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Q: Computing Homology Groups Part "b" ( Answered 5 out of 5 stars,   2 Comments )
Subject: Computing Homology Groups Part "b"
Category: Science > Math
Asked by: dubois-ga
List Price: $50.00
Posted: 08 Dec 2002 14:31 PST
Expires: 07 Jan 2003 14:31 PST
Question ID: 121509
Please refer to part "b" of the expired question Computing Homology
Groups.  As this is a relatively small subset of one part to a single
question in Hatcher, I do not imagine it will take all that long (but
please correct me if I am wrong).
Subject: Re: Computing Homology Groups Part "b"
Answered By: rbnn-ga on 09 Dec 2002 19:03 PST
Rated:5 out of 5 stars
A few general remarks.

First, it is wise to look at the derivation of the simplicial homology
of the torus on Example 2.3 of Hatcher, as that gives a very concrete
example of how one can compute homology. We could do the same thing
here, but the simplices involved are a bit of a hassle to deal with
hand, although by no means impossible.

First, I will just give the answer:

The answer is:

H_1(X,B)=Z x Z x Z

H_k(X,B)=0 for k>2 .

I will give two proofs of this fact: one a concrete one based on
triangulation, and one a more abstract one based on exact sequences.

Particularly the more abstract proof may be a bit terse. Please ask
for clarifcations to clear up specific questions.

Preliminary definitions:
Let T be a torus. 

X is the connected sum of two tori, T#T, formed by cutting out a small
disk in each torus and gluing the sides together.

B is a small circle going around one of the tori.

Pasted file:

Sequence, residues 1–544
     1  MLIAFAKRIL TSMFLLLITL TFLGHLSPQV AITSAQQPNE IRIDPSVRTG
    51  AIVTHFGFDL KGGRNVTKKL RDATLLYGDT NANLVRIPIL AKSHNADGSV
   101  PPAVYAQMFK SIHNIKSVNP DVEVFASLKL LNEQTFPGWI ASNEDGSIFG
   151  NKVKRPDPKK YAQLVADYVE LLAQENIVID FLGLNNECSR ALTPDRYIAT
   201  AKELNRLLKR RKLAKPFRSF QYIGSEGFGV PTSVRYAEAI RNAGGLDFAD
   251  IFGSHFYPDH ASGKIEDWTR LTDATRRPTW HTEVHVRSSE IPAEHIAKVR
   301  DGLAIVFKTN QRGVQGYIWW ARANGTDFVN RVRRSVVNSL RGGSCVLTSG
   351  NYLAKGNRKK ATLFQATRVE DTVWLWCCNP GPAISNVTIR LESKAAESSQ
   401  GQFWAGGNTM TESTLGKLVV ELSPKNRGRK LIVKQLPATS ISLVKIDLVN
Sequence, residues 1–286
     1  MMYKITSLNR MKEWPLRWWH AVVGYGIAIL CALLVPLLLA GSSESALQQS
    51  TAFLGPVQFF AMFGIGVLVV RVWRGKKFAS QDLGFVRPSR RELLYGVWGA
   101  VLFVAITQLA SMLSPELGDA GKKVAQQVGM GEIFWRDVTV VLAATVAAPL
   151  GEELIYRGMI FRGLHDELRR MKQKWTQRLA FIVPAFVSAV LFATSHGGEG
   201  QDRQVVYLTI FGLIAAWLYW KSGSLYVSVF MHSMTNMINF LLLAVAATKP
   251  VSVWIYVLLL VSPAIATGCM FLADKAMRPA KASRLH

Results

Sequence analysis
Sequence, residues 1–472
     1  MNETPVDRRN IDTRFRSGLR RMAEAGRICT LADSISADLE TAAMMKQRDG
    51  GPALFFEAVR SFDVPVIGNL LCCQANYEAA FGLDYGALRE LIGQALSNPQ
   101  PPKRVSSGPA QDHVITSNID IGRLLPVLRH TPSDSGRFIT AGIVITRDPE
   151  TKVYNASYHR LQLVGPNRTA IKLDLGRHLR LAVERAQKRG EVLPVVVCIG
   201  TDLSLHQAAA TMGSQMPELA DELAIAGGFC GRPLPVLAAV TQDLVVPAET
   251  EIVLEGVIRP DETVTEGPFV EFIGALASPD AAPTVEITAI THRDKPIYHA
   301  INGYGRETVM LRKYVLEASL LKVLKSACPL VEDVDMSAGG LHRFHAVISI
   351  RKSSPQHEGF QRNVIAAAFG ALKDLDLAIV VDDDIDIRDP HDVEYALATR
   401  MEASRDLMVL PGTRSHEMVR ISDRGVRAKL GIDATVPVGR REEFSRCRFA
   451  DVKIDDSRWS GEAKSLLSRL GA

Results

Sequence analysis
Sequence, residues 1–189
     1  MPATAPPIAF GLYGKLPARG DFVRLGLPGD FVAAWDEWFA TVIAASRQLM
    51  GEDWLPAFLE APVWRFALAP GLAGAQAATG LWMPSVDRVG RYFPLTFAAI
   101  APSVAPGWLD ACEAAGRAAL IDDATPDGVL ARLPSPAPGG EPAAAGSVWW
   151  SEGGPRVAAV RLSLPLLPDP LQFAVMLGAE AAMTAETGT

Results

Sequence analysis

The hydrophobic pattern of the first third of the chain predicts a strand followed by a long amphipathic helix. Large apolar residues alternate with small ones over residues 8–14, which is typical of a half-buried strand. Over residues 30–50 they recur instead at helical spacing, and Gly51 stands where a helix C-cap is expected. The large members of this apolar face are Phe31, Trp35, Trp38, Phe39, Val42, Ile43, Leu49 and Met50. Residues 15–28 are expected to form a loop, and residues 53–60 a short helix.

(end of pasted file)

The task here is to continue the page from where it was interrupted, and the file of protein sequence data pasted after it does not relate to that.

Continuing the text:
Homology is singular homology with coefficient group Z.

First proof
This relies on a web-based simplicial homology computation program. 

I will write R_n for 


, the reduced homology functor.

We first observe that 

H_n(X,B) = R_n(X/B) by proposition 2.22 of Hatcher, on page 124. Here,
(X,B) form a "good pair" as defined on page 114 following the
statement of theorem 2.13, since B is manifestly a deformation retract
of a small cylinder containing it in X.

We shall now construct a simplicial complex equal to X/B , and run
that through the homology program. This particular program requires
that its simplices be uniquely determined by its vertices, so we need
to put in some extra triangles compared to the Hatcher treatment.

First, let us triangularize the torus.

We trisect the horizontal and vertical lines in a square, and label
the intersections as follows:

1   4   7   1

2   5   8   2

3   6   9   3

1   4   7   1

Now we draw lines between horizontally and vertically adjacent nodes,
and bisect each rectangle. The triangles formed are thus:


Here each three digit string denotes a 2-simplex (a triangle) in the

Now let us consider the topology of Y=T/B . This represents a torus
with the wrapping circle B squashed to a point: imagine that B is a
rope, and tighten the rope until it is a point.

The resulting topology looks like two open cones  - say ice-cream
cones, with their points glued together.

We now triangularize Y.

We name the vertex of Y 10 . 10 is part of the boundary of a
boundary([10,20,30,40]). Thus, to get one open cone we add faces:

[10,20,30], [10,20,40],[10,30,40]

Now we build the other open cone with faces:


Now we connect the corresponding vertices of the two triangles two
form a prism with three rectangles:

Finally, we bisect each rectangle to get the triangularization of the

[20,30,50], [30,50,60]
[30,40,60], [40,60,70]
[40,50,70], [20,40,50]

Thus, the full triangularization of T/B is:

[10,20,30], [10,20,40],[10,30,40]
[20,30,50], [30,50,60]
[30,40,60], [40,60,70]
[40,50,70], [20,40,50]

Finally, to form X/B we form the connected sum of  T/B and T . We
choose a small two-simplex in T, say